The initiative is part of an effort to highlight attacks on the media in a bid to spur authorities to protect Pakistan's estimated 18,000 journalists, many of whom face threats and violence from militant groups, criminal gangs, and even the country's own military and intelligence agencies.

Gohar Ali, the head of the safety hub project in the volatile northwestern province of Khyber Pakhtunkhwa and adjoining lawless tribal areas on the border with Afghanistan, says they have reported more than a dozen cases of threats since the project was rolled out in January.

'Fear More Trouble'

A large banner is plastered on the Peshawar Press Club, a two-story brick building opposite the railway station in the provincial capital of Khyber Pakhtunkhwa. The sign urges journalists facing threats and violence to come forward.

But Ali says many journalists are still afraid to report threats and violence, fearing a backlash from militants, criminals, and intelligence agents in the region.

"The major problem is that many journalists do not mention the threat because they fear more trouble," Ali said. "This is especially the case with journalists from the tribal areas who are facing many threats."

Ali says there have been many cases where journalists have shared their concerns, but have refrained from formally documenting their complaints.

Dilawar Wazir, a BBC reporter in Peshawar, moved with his family from the Waziristan region in the tribal areas due to persistent threats.

A Pakistani journalist holds a poster with a photo of a news cameraman killed in a suicide bombing in August 2016.

A Pakistani journalist holds a poster with a photo of a news cameraman killed in a suicide bombing in August 2016.

The region, many parts of which are off-limits to reporters, is a hotbed for militant groups and the scene of sporadic military operations.

"The majority of journalists have moved with their families from Waziristan because of threats and fear," says Wazir. "The homes of many journalists have been attacked in the past. They were physically attacked or their family members were threatened."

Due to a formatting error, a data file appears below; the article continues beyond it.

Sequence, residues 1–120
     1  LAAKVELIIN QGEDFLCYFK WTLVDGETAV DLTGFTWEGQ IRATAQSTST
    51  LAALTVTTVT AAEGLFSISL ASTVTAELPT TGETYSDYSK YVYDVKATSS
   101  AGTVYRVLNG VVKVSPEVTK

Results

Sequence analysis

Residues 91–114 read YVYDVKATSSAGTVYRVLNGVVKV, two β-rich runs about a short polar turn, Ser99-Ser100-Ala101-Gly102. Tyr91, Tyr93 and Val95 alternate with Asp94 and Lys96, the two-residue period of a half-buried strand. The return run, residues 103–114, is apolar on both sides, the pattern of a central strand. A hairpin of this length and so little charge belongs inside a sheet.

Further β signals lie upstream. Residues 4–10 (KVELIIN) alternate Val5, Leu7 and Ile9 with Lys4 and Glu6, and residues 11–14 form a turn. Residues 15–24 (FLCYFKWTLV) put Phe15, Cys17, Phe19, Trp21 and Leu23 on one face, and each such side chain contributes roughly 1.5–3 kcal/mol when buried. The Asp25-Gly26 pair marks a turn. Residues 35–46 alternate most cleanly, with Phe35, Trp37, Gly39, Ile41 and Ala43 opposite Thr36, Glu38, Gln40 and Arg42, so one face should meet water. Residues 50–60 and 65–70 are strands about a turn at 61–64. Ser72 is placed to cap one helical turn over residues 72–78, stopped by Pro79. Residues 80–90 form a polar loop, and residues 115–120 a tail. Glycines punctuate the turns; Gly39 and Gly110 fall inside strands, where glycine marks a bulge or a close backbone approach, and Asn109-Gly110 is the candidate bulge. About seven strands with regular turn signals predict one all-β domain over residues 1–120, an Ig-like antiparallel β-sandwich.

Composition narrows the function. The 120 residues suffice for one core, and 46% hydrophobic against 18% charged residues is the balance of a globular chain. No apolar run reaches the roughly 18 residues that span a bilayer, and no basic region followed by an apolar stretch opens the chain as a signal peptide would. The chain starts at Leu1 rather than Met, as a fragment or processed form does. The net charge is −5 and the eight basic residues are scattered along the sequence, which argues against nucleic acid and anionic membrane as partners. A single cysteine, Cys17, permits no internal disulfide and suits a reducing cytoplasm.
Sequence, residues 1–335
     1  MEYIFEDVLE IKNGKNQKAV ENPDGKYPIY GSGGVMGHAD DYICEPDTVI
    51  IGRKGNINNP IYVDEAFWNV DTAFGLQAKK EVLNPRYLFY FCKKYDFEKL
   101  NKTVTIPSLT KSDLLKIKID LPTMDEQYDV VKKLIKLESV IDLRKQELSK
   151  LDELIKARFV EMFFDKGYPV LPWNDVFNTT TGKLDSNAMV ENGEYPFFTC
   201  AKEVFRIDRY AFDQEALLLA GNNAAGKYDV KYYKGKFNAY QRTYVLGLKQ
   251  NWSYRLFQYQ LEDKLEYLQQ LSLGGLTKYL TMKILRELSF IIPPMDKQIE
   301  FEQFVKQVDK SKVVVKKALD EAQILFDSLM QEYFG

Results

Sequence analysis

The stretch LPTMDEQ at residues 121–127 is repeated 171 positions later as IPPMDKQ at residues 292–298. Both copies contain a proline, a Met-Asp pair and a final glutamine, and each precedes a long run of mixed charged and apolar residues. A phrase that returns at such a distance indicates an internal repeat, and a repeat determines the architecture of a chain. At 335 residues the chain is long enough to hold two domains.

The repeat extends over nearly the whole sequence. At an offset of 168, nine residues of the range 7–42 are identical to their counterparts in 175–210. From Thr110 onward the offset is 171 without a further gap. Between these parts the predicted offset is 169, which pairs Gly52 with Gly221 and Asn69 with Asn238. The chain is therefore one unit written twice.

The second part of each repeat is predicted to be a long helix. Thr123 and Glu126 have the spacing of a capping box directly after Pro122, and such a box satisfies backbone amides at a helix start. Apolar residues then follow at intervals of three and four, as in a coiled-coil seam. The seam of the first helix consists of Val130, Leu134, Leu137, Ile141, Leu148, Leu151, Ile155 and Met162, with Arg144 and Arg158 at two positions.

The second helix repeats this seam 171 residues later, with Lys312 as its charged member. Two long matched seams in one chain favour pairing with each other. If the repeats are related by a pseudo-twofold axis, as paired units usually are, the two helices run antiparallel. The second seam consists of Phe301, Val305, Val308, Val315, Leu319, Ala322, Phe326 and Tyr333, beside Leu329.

Apart from recording cases, the safety hubs also offer legal advice for journalists facing prosecution for their reporting and even provide financial assistance to the families of reporters who have been killed in the line of duty.

The project is managed by International Media Support, a development organization that works with local media in conflict areas.

The project comes a year after journalists formed a group called Editors For Safety, vowing to report on and highlight attacks on the press in an attempt to spur the authorities and their own employers into action.

Culture Of Impunity

Pakistan has long been among the most dangerous countries in the world for journalists, with 102 reporters and media workers having lost their lives since 2005, according to the International Federation of Journalists (IFJ). The organization adds that, since 2010, 73 journalists and media workers in Pakistan have been killed: almost one journalist killed every month.

Most of those killed were local journalists reporting on war, politics, corruption, and human rights.

In a 2016 report on Pakistan, which ranks 147th out of 179 countries on Reporters Without Borders' World Press Freedom Index, the IFJ said that an "atmosphere of lawlessness" in the country, aided by "widespread impunity," has "not only contributed to more attacks on journalists but also forced the journalists to self-censor."

"In many of the cases, there were reports suspecting Pakistan's intelligence services' involvement but the government has failed to investigate these cases and punish the murderers. With only three verdicts and one case in the court in more than 100 killings since 2005, impunity in Pakistan is at its worst."

In August, DawnNews cameraman Mahmood Khan and Aaj TV cameraman Shehzad Ahmed died at Quetta Civil Hospital when a bomb killed at least 70 people -- many of them lawyers -- among a crowd that was grieving the assassination of the head of Balochistan's Bar Association.

There have been dozens of high-profile cases of journalists targeted in Pakistan in the past decade, including U.S. journalist Daniel Pearl, who was slain after his abduction in the port city of Karachi in 2002; Salem Shahzad, who was found dead in the capital Islamabad in 2011 after reporting on the infiltration of militant groups in the army; and Hamid Mir, one of Pakistan's most prominent reporters, who survived an attack on his life in Karachi in 2014.

Written by Frud Bezhan, based on reporting by RFE/RL Radio Mashaal correspondent Zaland Yousufzai